Moreover, the underlying disease should also be considered. The study by Puliyel et al.,[22] did only include patients with secondary iron overload (chronically transfused patients, predominantly with thalassemia and sickle syndromes), while our study also considered patients with primary iron overload (hereditary hemochromatosis). Both patient groups may differ from each other in severity, course of disease, and even therapeutic possibilities as well as therapeutic response. Nevertheless, we found no significant difference between patients with primary and secondary iron overload, which implies that the underlying disease does not determine the choice of the therapy monitoring tool. Transferrin saturation is highly valuable for the diagnosis of hereditary iron overload.[27] Wood et al.,[11] described transferrin and transferrin saturation as valuable in tracking the therapeutic response to iron removal therapies. However, due to the many shortcomings, their use as a sole marker for chelator efficacy is not recommended. Our correlation analysis between hepatic R2* values and transferrin showed a weak negative correlation based on the absolute changes, improving to a moderate negative correlation regarding the relative changes. Transferrin saturation revealed a weak positive correlation for absolute as well as relative changes. This may be because transferrin can also be influenced by confounding factors and many chronically transfused patients have fully saturated transferrin, making it unsuitable for adequate measurement in the follow-up.

Steatosis is a common co-factor in liver injury in patients with iron overload.[2829] Powell et al.,[30] stated that these patients go along with higher serum ferritin levels and experience an acceleration of liver injury. Recently, Idilman et al.,[31] indicated that in conventional MRI, the detection and quantification of iron and fat becomes difficult because, for example, IP and out-of-phase images can cause diagnostic confusion. We systematically analyzed the simultaneous incidence of steatosis in patients with manifest iron overload and found 30% (13/42) concomitant steatohepatitis (SH). We found no significant differences regarding relative ferritin change versus relative R2* change in patients with and without concomitant steatosis. Therefore, hepatic fat does not seem to influence ferritin measurements for monitoring iron overload. This study did not focus on a possible inflammatory component as in nonalcoholic SH (NASH). We are aware of this limitation, but the diagnosis of NASH is based on criteria that were not available for our study.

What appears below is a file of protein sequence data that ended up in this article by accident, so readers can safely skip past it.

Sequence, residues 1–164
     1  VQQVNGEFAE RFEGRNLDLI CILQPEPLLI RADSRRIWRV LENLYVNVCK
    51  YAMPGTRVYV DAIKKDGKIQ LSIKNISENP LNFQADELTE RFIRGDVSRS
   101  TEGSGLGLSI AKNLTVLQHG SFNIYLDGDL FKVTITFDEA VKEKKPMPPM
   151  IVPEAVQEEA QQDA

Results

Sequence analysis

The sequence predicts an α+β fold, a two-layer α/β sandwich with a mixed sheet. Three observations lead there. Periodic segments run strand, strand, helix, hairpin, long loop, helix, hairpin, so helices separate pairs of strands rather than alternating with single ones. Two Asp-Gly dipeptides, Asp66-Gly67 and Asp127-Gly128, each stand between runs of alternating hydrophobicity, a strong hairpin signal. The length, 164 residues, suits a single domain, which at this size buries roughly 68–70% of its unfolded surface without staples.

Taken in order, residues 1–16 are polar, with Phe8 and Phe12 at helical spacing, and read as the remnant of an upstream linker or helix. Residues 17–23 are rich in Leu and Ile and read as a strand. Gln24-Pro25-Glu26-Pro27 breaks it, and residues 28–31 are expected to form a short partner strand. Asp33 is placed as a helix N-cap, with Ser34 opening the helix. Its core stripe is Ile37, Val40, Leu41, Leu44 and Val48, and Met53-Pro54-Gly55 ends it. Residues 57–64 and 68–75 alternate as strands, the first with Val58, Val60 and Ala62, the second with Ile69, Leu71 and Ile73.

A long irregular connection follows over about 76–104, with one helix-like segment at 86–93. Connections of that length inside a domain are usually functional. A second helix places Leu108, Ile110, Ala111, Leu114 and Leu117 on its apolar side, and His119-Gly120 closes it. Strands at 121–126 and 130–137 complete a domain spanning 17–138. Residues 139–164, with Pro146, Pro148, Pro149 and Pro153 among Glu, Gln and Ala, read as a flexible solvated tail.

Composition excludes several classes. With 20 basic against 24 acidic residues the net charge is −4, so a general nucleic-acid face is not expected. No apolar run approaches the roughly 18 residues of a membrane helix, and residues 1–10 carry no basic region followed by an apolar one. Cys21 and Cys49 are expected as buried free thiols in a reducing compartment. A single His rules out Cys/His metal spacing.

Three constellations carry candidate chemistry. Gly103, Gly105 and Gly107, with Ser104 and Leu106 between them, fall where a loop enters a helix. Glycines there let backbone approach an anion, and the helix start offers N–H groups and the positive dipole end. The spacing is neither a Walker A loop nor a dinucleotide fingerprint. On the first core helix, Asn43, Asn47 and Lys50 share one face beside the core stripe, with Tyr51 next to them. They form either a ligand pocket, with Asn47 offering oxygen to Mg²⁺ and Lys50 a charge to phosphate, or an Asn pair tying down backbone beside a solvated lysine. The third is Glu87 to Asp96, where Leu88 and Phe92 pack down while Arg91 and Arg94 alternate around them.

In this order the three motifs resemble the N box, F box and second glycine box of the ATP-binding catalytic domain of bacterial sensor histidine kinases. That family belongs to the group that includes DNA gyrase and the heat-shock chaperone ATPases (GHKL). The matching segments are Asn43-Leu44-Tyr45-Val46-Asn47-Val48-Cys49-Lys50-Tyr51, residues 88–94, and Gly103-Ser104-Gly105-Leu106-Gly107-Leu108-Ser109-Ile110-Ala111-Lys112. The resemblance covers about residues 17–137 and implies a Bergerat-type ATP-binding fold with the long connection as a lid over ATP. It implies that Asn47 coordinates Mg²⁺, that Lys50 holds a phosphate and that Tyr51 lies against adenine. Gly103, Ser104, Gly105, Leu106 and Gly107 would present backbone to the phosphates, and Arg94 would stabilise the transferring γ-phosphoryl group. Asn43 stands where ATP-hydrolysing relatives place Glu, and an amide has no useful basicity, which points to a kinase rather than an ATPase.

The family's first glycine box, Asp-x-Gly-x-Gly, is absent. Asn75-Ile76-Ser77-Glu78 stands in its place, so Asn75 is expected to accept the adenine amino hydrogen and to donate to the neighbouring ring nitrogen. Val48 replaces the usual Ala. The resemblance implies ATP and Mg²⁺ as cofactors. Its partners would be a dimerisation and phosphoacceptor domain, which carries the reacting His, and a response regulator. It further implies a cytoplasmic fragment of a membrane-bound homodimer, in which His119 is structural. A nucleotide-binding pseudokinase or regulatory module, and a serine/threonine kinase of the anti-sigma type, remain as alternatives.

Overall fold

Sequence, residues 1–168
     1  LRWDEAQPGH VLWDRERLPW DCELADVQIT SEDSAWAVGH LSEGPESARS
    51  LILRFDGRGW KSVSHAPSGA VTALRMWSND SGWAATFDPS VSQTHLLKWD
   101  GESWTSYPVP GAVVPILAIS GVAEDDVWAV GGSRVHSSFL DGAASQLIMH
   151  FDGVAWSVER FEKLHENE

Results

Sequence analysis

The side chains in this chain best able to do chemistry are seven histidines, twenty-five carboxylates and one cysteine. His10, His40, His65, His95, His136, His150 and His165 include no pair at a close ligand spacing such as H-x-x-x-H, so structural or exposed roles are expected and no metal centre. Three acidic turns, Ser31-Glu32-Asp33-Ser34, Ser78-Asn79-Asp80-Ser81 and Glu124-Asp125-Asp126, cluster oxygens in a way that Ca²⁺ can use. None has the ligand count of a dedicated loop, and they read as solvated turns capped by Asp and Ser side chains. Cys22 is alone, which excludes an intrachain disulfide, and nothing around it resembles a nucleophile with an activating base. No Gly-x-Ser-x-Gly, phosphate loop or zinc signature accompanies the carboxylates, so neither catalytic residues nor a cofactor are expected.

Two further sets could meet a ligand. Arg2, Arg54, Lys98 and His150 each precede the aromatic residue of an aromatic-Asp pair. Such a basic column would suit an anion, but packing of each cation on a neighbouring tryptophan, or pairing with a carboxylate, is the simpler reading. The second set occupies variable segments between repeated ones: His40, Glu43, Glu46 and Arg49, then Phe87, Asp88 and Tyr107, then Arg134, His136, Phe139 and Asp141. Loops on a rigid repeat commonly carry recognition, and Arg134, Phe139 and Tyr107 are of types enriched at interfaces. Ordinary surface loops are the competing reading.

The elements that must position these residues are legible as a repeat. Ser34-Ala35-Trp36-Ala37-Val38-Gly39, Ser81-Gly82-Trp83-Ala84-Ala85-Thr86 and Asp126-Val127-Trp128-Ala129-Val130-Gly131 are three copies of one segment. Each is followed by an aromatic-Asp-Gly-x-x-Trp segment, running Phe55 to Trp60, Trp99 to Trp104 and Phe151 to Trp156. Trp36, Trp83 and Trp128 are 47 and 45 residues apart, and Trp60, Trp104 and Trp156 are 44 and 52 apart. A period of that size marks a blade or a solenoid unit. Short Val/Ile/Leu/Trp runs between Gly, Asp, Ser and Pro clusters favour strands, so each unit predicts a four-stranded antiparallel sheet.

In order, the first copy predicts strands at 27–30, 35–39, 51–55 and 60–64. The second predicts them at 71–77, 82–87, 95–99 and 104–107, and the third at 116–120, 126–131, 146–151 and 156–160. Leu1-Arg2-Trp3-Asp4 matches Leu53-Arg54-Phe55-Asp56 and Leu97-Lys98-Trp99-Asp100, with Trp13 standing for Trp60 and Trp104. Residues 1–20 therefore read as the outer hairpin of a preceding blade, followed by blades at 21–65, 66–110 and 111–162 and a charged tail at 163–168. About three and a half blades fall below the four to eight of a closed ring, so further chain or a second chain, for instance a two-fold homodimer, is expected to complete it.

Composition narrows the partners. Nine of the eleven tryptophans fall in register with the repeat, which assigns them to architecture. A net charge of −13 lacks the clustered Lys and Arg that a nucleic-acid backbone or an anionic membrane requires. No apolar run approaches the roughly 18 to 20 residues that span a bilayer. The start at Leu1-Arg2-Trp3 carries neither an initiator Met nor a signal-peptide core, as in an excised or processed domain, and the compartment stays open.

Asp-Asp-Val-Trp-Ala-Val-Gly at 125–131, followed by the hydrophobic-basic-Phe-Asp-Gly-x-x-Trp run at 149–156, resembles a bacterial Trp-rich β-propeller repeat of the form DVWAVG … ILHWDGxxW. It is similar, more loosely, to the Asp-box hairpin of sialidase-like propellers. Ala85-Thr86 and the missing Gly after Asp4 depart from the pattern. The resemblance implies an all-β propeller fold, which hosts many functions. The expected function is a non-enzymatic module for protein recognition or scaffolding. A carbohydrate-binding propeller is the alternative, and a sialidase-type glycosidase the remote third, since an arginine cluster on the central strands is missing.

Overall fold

Another limitation that should be addressed is the fact that the MRI measurement of LIC and the laboratory test was not on the same day in all patients. Although 27/50 patients had MRI and the laboratory analysis on the same day, the maximum tolerated interval was 60 days. Furthermore, no liver biopsies have been performed due to their invasive characteristic with known limitations such as hemorrhage risk and sampling errors.[32] Therefore, no histological verification/correlation of LIC measurements was carried out. Last but not the least, as described in detail, we included 42 patients and evaluated the change from one examination to the subsequent examination so that altogether 92 paired examinations could be analyzed. This means that as presented in the results' part some of the paired examinations were derived from follow-up examinations of the same patients. Thereby, for example, the three patients with aceruloplasminemia treated with chelation who underwent ten follow-up examinations accounted for 27 of all the 92 paired examinations. However, as treatment decisions are based on changes of ferritin or R2* between consecutive examinations, this fact should not influence our results.


A good correlation was observed between serum ferritin and MRI R2* relaxometry in monitoring iron overload. Nevertheless, in 22/92 (23.9%) examinations, taking only serum ferritin into account would have let to a misinterpretation of the used therapy. Further, neither hepatic fat nor the underlying disease had an influence on the correlation between ferritin changes under therapy and R2*. In general, ferritin is an acceptable and far cheaper tool for monitoring iron overload, but should be used with caution. MRI should be performed for confirmation, especially in the case of unexpected ferritin changes under therapy, particularly in patients treated with chelation.

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Conflicts of interest

There are no conflicts of interest.